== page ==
This is a well-known wartime song Ac-Cent-Tchu-Ate the Positive, written by Harold Arlen with lyrics by Johnny Mercer. It was originally recorded by Mercer with The Pied Pipers and Paul Weston’s orchestra, on 4th October 1944. The record first reached the Billboard magazine charts on January 4, 1945 and lasted 13 weeks on the chart, peaking at number 2.
It was then recorded by Bing Crosby and the Andrews Sisters, Kay Kyser and then Artie Shaw, all within weeks of the original recorded. Another version was recorded by Johnny Green in the United Kingdom on April 6, 1945, and released by Parlophone Records. Despite the British version released during the war, the Bing Crosby version is the one most are familiar with now and it is known as a quintessentially American upbeat wartime song.
When I started reading about the song, I came across this video. It shows Bing Crosby and Sonny Tufts performing the song in 1944 as part of the show Here Comes the Waves, performed at U. S. S. Traverse Bay Aircraft Carrier in a Pacific port. Crosby and Tufts are performing in blackface, which is shocking, but it’s a fascinating little window into Wartime American culture – the kind of footage that you rarely see these days.
People have always suffered from bad breath, and there have always been suggested remedies for it, such as wine mouthwashes, charcoal toothpaste and chewing herbs. However at the turn of the century, advertisers seized on the common problem of bad breath to sell Listerine as the world’s first marketed mouthwash.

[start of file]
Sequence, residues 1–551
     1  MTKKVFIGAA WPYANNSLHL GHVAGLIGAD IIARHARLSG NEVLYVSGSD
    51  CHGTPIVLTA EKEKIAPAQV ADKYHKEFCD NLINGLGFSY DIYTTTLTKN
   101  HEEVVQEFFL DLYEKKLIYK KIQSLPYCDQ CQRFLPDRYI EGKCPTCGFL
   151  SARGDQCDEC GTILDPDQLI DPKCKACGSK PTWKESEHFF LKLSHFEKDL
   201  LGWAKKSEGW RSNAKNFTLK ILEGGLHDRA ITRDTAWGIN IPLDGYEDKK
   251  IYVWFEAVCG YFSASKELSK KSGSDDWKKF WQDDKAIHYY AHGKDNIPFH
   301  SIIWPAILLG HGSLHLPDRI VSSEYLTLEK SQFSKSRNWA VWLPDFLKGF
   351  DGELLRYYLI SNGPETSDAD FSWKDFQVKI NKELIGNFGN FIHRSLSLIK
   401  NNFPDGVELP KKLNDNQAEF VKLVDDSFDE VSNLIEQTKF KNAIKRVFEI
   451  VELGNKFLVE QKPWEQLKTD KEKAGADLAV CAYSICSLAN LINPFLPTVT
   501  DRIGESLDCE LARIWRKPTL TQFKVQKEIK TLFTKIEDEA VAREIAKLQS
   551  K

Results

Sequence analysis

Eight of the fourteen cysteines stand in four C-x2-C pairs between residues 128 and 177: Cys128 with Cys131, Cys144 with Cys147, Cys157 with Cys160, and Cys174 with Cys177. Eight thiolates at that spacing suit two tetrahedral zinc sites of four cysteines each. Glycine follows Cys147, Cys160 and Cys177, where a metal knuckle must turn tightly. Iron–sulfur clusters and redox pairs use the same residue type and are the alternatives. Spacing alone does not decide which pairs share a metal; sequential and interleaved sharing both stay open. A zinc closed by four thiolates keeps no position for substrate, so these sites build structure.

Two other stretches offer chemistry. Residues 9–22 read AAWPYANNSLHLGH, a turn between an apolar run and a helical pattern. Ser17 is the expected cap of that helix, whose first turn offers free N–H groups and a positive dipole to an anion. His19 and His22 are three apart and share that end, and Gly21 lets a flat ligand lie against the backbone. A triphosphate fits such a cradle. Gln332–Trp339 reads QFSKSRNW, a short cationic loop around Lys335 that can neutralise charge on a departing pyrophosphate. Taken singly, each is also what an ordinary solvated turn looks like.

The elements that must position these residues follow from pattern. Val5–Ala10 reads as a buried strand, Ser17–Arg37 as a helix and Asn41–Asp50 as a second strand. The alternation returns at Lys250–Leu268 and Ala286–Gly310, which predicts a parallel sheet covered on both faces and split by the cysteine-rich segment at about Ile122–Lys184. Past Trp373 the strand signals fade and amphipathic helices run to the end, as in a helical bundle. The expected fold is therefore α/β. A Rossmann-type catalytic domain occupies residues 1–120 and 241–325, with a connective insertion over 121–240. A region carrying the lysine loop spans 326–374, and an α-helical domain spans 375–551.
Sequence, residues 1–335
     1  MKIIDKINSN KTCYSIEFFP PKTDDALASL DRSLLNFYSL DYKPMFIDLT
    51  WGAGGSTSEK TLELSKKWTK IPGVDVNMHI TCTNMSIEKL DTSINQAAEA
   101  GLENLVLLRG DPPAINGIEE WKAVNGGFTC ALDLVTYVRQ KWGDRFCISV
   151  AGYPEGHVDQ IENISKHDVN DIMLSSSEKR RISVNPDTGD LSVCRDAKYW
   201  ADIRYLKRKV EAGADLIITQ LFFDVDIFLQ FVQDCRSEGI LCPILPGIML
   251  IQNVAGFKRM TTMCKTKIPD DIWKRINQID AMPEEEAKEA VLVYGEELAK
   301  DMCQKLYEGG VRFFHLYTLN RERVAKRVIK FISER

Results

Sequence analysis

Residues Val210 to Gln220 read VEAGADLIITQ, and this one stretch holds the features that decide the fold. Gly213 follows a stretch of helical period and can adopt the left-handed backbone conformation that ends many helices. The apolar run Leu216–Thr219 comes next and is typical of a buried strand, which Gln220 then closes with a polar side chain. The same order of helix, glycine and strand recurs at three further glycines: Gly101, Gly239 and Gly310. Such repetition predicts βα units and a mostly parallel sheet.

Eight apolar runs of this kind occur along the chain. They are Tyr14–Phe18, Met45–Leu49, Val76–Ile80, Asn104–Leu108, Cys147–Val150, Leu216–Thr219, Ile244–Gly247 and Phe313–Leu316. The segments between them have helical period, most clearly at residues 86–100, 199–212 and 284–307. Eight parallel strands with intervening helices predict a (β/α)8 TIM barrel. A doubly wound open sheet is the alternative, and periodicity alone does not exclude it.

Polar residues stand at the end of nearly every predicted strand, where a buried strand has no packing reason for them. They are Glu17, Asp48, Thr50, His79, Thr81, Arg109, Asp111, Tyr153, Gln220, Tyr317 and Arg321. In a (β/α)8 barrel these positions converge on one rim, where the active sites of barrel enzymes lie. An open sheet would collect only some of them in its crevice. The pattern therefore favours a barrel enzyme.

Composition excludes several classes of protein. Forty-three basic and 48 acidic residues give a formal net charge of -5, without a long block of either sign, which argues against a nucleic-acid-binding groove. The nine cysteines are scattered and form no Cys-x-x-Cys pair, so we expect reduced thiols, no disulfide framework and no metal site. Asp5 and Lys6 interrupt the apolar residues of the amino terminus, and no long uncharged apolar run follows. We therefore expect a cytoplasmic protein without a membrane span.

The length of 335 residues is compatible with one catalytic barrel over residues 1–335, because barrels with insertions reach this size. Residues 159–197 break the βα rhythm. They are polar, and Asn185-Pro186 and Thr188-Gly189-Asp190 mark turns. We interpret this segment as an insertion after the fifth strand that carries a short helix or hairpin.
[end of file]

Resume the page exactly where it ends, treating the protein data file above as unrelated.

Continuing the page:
Listerine was formulated in 1879 by Dr. Joseph Lawrence and Jordan Wheat Lambert in St. Louis, Missouri as a surgical antiseptic. It was used for a variety of purposes: cleaning wounds, a floor cleaner and a cure for gonorrhea. In 1895 it began to be marketed as a dental medicine, which dentists could use for oral care. Then in 1914 it was marketed for the first time as a mouthwash.
To help sell Listerine as a mouthwash to a population who did not consider bad breath to be a bad enough problem to start medicating, the company seized an obscure medical term for bad breath ‘halitosis’, to make people think they had an actual condition.
No matter how charming you may be or how fond of you your friends are, you cannot expect them to put up with halitosis (unpleasant breath) forever. They may be nice to you – but it is an effort. Don’t fool yourself that you never have halitosis as do so many self-assured people who constantly offend this way.
Listerine’s advertising campaigns were aimed at young men and women, encouraging them to think that halitosis was what was ruining their love life and Listerine mouth wash could help them find a spouse. Ads claimed that ’68 hairdressers state that about every third woman, many of them from the wealthy class, is halitoxic.’
From the 1920s, this advertising formula was successful and Listerine’s revenues rose from $115,000 to more than $8 million. Listerine was sold in a glass bottle with no changes to the brand until the 1990s, when new bottles and flavours were introduced.